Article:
Amy's stepdaughter, "Serena," and her husband, "Ned," have two children, aged 2 and 4, who both have laborious.
In the midst of the pandemic, I offered my daughter to prepare a dinner four days a week for her.
Serena appreciates my assistance and enjoys almost always enjoying what I prepare soup, chili, meatloaf, spaghetti sauce, stews, chicken enchiladas, and others. All dishes that are easy to transport.
Ned does not like onions, so I put them in nearly every entree I make!
Serena seemed to be sensitive to this aversion and never used onions in her cooking. Of course, I may leave out the onions in the dishes I give her family, but Serena wouldn't find the dishes as elegant.
They might also develop the same aversion, thus leaving onions alone would only perpetuate the problem.
Deserving of onions gives this family the possibility to experiment new skills.
Do you have any doubts about yourself?
Stepmom Cook of the Bay Area
Dear Cook, my first reaction is that if this is your "helping out," then I wonder what kind of service you might offer if you were deliberately trying to disrespect someone.
I believe it's unkind to deliberately provide a food to someone that you know they have an adverse reaction to (or simply don't eat) with no choice to remove it.
Onions are helpful in helping people feel comfortable eating. Oftentimes, they give a strong flavor to foods, but if you simply hate the taste of onions, it's not like you can just eat it around them.
It's best to exclude them from your meat-based foods or include two versions of these dishes. Every time your son-in-law saw this discernment, he would think: "She was remembered me!"
Is this "catering" to someone? Yes, if your stepdaughter had a similar aversion, would you do so?
You don't want someone's aversion to control your cooking, but you should understand it, as long as you recognized this man's challenge and did everything you could to put into place. You'd be demonstrating to this family that you are performing an act of service as a means to express your love and respect for each of them, not just for the onion-eaters.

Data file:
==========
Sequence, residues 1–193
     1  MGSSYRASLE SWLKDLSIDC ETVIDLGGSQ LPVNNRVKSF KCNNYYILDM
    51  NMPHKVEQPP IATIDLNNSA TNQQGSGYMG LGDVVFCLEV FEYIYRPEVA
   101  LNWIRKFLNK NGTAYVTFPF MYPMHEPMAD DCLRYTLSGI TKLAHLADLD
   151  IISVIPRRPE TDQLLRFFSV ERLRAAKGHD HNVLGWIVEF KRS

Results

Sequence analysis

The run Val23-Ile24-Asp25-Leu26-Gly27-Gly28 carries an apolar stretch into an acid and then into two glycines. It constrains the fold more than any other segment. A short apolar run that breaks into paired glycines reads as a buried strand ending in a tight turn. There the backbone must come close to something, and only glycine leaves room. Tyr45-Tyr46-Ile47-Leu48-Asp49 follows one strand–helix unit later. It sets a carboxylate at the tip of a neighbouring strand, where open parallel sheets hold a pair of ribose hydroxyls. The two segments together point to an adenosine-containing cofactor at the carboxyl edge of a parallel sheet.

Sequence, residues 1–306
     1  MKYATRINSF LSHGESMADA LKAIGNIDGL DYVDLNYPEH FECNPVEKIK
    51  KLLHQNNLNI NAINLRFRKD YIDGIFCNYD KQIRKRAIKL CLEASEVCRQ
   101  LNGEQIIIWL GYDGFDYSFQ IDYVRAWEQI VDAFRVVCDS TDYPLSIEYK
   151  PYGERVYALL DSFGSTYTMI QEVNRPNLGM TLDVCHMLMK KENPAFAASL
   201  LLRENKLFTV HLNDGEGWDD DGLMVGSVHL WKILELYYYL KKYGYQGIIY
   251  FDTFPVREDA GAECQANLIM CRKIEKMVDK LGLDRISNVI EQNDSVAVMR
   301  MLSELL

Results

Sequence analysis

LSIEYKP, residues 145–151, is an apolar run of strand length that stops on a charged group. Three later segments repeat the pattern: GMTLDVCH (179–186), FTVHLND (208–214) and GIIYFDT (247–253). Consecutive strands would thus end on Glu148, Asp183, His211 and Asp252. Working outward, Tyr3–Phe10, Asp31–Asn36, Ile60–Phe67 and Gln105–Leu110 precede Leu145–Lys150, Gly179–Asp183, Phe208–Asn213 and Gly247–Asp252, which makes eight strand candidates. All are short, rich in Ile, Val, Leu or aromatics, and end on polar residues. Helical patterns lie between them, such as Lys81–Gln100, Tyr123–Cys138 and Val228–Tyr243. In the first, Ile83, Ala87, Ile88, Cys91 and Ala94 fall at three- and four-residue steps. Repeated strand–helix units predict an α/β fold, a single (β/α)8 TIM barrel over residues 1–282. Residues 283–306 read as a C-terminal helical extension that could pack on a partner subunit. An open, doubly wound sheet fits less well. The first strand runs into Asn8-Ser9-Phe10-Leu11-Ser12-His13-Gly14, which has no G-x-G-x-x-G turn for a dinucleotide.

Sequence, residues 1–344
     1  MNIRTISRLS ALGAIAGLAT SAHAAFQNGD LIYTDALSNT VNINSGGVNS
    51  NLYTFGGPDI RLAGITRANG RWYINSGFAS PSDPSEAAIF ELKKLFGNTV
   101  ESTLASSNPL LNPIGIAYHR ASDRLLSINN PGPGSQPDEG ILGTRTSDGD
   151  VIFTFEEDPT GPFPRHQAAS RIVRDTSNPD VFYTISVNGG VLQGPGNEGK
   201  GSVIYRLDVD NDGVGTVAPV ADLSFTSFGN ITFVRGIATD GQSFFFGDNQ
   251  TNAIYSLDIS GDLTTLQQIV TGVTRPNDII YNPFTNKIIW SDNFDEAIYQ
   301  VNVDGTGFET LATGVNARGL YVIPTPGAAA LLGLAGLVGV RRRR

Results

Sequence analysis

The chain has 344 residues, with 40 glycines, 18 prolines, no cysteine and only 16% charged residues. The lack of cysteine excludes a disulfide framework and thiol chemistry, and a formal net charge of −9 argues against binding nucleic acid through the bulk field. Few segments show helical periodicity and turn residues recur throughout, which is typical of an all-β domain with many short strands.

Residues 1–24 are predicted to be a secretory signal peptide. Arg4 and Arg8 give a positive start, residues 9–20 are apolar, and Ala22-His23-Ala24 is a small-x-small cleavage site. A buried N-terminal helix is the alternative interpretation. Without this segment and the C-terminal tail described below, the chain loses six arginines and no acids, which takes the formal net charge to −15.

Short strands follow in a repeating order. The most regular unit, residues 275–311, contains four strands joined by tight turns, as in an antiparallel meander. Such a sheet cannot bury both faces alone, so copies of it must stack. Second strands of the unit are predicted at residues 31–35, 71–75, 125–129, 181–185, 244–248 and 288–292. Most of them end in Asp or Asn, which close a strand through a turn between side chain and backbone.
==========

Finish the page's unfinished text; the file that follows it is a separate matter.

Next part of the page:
You should not be responsible for (or worry) the palates of these young children. It's their parents' job.
Dear Amy, I've had a girlfriend of 13 years, but I'm questioning if I should break up with her.
We have been together for around two years now (the rest of the time we lived on different continents).
We cannot get married or disclose our relationship to our friends and relatives due to some cultural differences.
Because I have recently met someone from my own culture (she likes me, and we might be able to marry and live happily).
One concern is that this person is more than 11 years younger than me.
I'm sorry about my feelings for this new girl (I haven't cheated on my girlfriend, but I have hidden my relationship with this new person).
I keep thinking about my girlfriend. I think that I should break up to make it simpler for my girlfriend to find someone else, but I think that I am making issues for no reason.
I'd appreciate your advice.
Torn: I'm contemplating the realities of that scenario that would basically require you to live a completely secret life. I suppose that maintaining this secret requires you and your girlfriend to consistently lie to your family, friends, and colleagues.
I believe that you love each other is very kind, but because of your current regrets, you should have a honest and open conversation about your situation, and whether or not this is the best way for you to live.
I cannot tell you to break up. It is absolutely necessary for you to take into account all of the consequences of staying together, especially if you want to have children.
Dear Amy, regarding your recent discussion about Barbies, I have grown up in the profession. I would invent stories, which I did not often involve. When my own daughter was young, I hesitated. But she wanted one.
Her first Barbie was a Dr. Barbie.
Guess who will start medical school in August 2022?
Applaud your little one.
Dear Proud: I'm so glad you liked it!
Amy Dickinson may contact him at any time or send a letter to Ask Amy, P.O. Box 194, Freeville, NY 13068.